When you go to the grocery store, everything has a price clearly marked.
But not a doctor's office.
Complex insurance and billing systems mean patients usually don't know how much they're going to have to pay until after a visit.
A new Oregon company is trying to change that -- by giving patients a price up front.
Kristian Foden-Vencil visited a Zoomcare clinic in Northeast Portland and files this report.
Dr. David Sanders is very proud of his latest clinic in Northeast Portland. It's the seventh in a chain that has been sprouting up across the metropolitan area over the last five years.
David Sanders: "It's right in the heart of a neighborhood. It's bright and shiny and colorful. It's meant to be really fun, even when you're sick, to be able to come to Zoomcare, feel comfortable, come right in and be seen by a doctor."
Sanders practiced medicine in Portland after graduating from medical school in Los Angeles. He says he and his business partner, Dr. Albert DiPiero, tired of the established medical system.
David Sanders: "The problems that we encountered when we went out into the world, were not at all what we expected when we first began training. We had no idea how medicine was really practices."
So in 2006, they opened their first Zoomcare clinic in Tigard. The idea was to treat a patient more like a customer -- someone who cares about quality and service, but also about price.
Dr. David Sanders: "A typical doctor's office will have hundreds of prices. Truly hundreds of prices."
Patty Wentz is a spokeswoman for the Oregon Health Department. She says price is a growing concern for health consumers. And that concern is driving proposals for change to the health care system.
Patty Wentz: "I mean people really want to know what they're buying and that they're getting value for their healthcare dollar. That's some of what is happening with the Oregon Health Insurance Exchange -- the central marketplace for insurance that's under discussion in the legislature right now."
Sanders says Zoomcare puts prices on the web for anyone to check. If you pay out of pocket for a foot splint, the extraction of a corn kernel from your child's nose, or treatment of a burn, the fee is $99.
If you're insured it's $129.
Sanders says the 30 percent extra pays for all the paperwork costs associated with insurance.
Rachel Lemeke is a physician assistant at Zoomcare and says her patients seem to appreciate the transparency.
Rachel Lemeke: "We do have a lot of patients who don't have health insurance so there are lots of questions about how much test A B and C is going to cost me and so here at Zoomcare we're trained to be really familiar with the cost of the test that we're ordering and really making sure that the test are going to change the treatment plan before we ask a patient to spend another $20 or $40 on something. Whereas other clinics I've worked at in the past it's not so transparent to the providers either. We don't really know how much the tests are that we're ordering and so patients suddenly get this bill for $400 and neither they nor I knew that that was going to be the case."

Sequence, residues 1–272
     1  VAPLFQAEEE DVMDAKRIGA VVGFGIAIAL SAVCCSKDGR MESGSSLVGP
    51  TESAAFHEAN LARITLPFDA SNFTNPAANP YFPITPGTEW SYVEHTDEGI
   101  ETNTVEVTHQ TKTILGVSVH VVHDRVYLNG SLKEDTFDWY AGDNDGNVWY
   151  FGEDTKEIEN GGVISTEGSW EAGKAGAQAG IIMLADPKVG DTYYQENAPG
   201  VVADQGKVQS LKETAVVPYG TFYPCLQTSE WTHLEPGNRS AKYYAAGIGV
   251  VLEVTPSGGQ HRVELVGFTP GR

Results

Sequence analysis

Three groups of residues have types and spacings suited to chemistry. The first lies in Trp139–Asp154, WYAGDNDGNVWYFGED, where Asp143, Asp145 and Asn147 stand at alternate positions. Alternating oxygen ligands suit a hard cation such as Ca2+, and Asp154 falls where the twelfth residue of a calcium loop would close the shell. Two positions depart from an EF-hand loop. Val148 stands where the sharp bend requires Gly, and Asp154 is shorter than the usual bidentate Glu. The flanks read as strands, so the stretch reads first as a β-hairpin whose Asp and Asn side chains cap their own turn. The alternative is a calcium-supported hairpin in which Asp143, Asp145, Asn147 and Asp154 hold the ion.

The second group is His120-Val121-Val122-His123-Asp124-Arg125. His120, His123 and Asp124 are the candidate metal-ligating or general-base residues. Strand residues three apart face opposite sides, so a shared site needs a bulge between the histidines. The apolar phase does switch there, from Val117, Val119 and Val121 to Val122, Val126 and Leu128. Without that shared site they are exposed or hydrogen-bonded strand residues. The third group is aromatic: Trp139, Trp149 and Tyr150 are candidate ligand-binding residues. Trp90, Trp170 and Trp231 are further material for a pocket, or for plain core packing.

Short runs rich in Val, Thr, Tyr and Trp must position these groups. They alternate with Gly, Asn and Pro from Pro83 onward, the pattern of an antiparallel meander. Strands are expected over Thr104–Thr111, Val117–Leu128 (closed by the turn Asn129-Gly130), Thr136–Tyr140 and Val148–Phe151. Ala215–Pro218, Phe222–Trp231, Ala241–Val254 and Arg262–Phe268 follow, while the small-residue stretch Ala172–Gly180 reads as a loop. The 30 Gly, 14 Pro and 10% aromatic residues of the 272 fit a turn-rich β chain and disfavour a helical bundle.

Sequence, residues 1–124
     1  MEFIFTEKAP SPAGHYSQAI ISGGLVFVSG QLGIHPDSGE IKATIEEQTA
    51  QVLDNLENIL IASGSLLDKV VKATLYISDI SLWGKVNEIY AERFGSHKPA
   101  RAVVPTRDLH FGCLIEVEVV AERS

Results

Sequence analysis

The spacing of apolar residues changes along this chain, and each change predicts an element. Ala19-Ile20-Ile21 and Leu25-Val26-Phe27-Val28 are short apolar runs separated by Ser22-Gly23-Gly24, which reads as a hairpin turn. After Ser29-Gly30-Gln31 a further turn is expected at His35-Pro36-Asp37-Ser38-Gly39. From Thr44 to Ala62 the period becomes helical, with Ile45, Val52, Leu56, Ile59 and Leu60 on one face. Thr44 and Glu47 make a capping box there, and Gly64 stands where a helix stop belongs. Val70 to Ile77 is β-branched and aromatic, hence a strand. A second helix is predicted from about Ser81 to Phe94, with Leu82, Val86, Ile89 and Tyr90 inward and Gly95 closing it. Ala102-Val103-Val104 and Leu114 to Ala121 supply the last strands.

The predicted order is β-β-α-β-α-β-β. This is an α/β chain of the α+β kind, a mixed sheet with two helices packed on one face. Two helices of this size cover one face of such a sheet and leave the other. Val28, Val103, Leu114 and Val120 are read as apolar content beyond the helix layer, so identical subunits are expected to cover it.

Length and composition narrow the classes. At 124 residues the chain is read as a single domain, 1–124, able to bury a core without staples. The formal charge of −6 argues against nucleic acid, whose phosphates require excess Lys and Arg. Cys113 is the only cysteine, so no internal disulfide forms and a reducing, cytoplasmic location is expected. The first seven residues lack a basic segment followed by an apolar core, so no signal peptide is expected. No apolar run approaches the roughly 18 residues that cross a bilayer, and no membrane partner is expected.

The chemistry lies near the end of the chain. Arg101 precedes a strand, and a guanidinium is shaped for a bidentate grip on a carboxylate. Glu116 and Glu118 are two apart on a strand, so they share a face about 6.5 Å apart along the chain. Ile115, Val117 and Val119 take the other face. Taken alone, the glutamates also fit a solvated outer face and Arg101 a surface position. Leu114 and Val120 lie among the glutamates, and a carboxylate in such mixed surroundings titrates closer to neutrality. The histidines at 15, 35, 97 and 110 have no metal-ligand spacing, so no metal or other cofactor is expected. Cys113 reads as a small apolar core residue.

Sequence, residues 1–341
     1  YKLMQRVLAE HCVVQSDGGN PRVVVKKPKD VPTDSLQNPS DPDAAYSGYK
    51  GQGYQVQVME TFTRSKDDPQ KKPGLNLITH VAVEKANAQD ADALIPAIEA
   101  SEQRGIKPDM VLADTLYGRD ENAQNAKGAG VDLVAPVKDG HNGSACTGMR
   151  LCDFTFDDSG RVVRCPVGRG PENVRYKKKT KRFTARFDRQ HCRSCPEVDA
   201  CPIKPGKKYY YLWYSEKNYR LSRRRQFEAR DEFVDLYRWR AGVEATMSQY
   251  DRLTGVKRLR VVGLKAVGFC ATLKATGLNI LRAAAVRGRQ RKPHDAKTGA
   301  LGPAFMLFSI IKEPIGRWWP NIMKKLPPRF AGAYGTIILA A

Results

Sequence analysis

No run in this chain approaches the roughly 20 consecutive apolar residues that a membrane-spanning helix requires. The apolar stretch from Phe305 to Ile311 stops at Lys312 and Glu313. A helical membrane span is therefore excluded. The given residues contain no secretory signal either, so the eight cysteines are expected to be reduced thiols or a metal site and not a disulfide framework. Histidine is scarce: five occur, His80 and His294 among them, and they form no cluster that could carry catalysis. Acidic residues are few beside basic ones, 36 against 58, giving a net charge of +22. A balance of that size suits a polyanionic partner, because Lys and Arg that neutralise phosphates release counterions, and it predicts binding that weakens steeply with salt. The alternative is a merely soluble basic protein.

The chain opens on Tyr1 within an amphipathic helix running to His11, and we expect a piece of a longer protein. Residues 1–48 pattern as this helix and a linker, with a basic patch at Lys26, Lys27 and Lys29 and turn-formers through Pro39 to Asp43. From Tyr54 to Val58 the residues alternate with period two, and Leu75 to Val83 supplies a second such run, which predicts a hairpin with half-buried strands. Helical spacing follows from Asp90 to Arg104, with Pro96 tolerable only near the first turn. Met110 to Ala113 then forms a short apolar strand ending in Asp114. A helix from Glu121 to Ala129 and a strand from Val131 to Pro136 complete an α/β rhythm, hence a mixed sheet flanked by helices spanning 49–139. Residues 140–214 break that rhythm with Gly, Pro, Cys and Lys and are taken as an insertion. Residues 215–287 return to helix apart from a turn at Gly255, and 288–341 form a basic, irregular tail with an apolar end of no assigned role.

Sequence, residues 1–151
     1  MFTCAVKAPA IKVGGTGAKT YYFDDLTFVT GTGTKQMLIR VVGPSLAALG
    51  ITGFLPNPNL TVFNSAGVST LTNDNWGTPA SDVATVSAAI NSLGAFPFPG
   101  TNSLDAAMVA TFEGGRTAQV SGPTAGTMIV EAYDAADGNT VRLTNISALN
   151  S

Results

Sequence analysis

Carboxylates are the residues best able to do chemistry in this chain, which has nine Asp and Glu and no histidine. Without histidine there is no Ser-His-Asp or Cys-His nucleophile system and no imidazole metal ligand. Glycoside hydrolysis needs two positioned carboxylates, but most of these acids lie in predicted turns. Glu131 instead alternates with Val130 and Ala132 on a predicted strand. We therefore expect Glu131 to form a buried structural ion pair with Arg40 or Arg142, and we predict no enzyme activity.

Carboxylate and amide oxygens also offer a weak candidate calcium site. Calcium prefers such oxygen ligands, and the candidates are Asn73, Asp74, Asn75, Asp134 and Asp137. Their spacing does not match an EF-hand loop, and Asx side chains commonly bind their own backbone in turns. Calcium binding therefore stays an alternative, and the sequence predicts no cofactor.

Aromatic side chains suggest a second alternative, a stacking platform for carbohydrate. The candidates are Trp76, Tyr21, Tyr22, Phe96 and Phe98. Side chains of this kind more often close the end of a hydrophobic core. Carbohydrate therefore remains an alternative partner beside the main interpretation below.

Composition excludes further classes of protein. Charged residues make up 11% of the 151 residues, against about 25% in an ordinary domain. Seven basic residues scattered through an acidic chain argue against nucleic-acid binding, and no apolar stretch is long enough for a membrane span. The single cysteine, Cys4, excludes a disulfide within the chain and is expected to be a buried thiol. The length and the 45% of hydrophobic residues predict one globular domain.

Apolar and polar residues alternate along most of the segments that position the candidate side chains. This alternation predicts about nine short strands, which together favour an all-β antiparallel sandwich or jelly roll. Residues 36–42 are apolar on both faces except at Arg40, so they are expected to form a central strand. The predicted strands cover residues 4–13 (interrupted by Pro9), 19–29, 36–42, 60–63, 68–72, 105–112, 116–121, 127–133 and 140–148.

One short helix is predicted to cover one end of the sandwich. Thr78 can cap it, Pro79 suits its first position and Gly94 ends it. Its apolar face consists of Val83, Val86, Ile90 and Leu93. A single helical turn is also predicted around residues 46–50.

Kristian Foden-Vencil: "Do you think they feel difficult about placing a price on their health?"
Rachel Lemeke: "I've been surprised at how many times they are willing to put a price on their health. Even patients I feel are too sick to be seen here and need to go to the ER it still often times takes a lot of time coaxing or convincing because they don't want to spend $1000 to get IV fluids or whatever it is they may need at the ER."
One way Zoomcare keeps costs low is to use fewer doctors and more nurse practitioners and physician assistants -- like Lemeke.
Portlander Dave Chase dropped in for his annual check-up after hearing about the company.
He's new to town and didn't have a doctor. He says the service was clean and fast.
Dave Chase: "During the course of the appointment. There was some things like, I was due to get a tetanus shot. And the clinician could pull it up right there, Oh, that's going to cost whatever, $74.
Kristian Foden-Vencil: "Did they actually say that at the time. Or did they show it to you? What I mean is, it's not like ordering at a restaurant, it's your body. But you also what to know, right?"
David Chase: "Yeah, right. He's entering stuff in the computer and they have a screen so you can see exactly what he's typing and so then he looked that up and said, here's what it is."
While price transparency is something consumers want, it's not a silver bullet for containing healthcare costs.
Patty Wentz, of the Oregon Health Department, says that's because companies like Zoomcare only deal with people who aren't that sick.
Patty Wentz: "In healthcare about 80 percent of the costs come from 20 percent of the clients. With the Oregon Health Plan that's people with chronic care, with multiple conditions, people who need a lot of services. And where you see the costs is when they go to the emergency room for those services."
With the average deductible in the U.S. now up to $1200 -- and bigger co-pays -- more patients are looking at the bottom line -- even if when they're insured.